Have you walked out of the grocery store lately and taken a puzzled look at your receipt, wondering whether maybe the total has been slowly creeping up while you weren't paying attention?

Some slightly befuddled shoppers on the Fool's Budgeting discussion board recently tossed around this question. They were prompted by a post from StackyMcRacky, who had been trying to trim the monthly grocery bill, but to no avail.

They're not imagining things. The Consumer Price Index statistics tracked by the U.S. Department of Labor show that the price of food and beverages has been going up as the cost of other goods, like transportation and energy, has been falling. As of their statistics ending in November, food and beverage prices have climbed 2.3% over the past 12 months.

Prices were mostly stable for the first half of the year. The price hikes started to take off in mid-summer, and the trend has been continuing into the fall. Even though an overall 2.3% price increase might seem modest, your checkbook has absorbed it during the second half of the year. That's probably why we're suddenly noticing the difference.

Combine that with the fact that we've undoubtedly increased our food budgets in November and December for feasts to celebrate the holidays and for baked goods to share with family and friends, and we're definitely spending more at the local grocer.

If you've already pared your grocery budget to the bone, then you may just have to accept that there's not much you can do when the prices of milk, citrus, and meat start to rise. But if you still have some fat to trim from your shopping list, you can absorb price hikes with a little economizing.


  • Buying generics. This recommendation is an oldie, but a goodie. Generic or store-brand goods can be the same or better quality as brand names. Give them a chance. If you hate them, you can always switch back.
  • Clipping good, old-fashioned coupons for anything brand-name that you regularly buy.
  • Looking for the lowest price per ounce (or other unit of weight or volume) to get an apples-to-apples comparison of two products of different size. A more expensive, larger item might actually be the better value. This is not a good strategy if you only need a little bit of something and you fear you may not figure out a way to use up the rest. In that case, buy the smallest item that will do the job.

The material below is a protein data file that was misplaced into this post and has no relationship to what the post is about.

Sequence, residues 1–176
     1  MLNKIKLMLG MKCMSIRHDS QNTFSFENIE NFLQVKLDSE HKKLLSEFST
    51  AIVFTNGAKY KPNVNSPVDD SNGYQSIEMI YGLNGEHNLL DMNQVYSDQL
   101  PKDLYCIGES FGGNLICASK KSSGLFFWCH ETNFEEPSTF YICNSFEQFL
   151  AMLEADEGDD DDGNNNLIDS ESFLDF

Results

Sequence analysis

• Visiting a new grocery store. Especially if you tend to buy the same things every week, do a little experimentation. Buy the list at one store, then try to buy the identical list at another store the next week. You may be surprised by the difference.
  • Doing some diagnostics. Hang onto your grocery receipts for a few weeks or a month. Then, on some rainy afternoon, sit down and look at what you bought. How many impulse purchases could you have done without? How many things did you buy that you already had in the house? It's often easier to see these patterns when you're not in the grocery store, rushed for time, with a cranky baby in your shopping cart.
  • Buying your produce in season. It will taste better, and it will be cheaper. If you like to cook, search out unusual in-season produce and try some new dishes. I discovered kumquats and celery root this way, while trying to ferret out good late-fall and early-winter produce.
  • Watching your waste. If you're regularly dumping leftovers and limp produce out of the refrigerator, you're tossing valuable dollars away. Either cook smaller portions, freeze your leftovers, or buy stuff you like. Purchasing broccoli if you really don't care for it and letting it go moldy in the crisper will not make you any healthier.
  • Buying your household goods, like detergent, someplace else. Your local grocery store might not be the best or cheapest place for goods other than food.
  • Investing in a good, all-purpose cookbook. Learning to cook some basic dishes will help you cut your purchases of prepared food, which can cost much more than the basics. You'll probably like your cooking better.

I've barely scratched the surface here, but this will get you started. If you're a committed grocery-store price sleuth, send me your ideas for trimming the food budget, and I'll follow up with more advice for trimming food costs.

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Fool contributor Mary Dalrymple loves to cook and eat her vegetables, and she welcomes your feedback.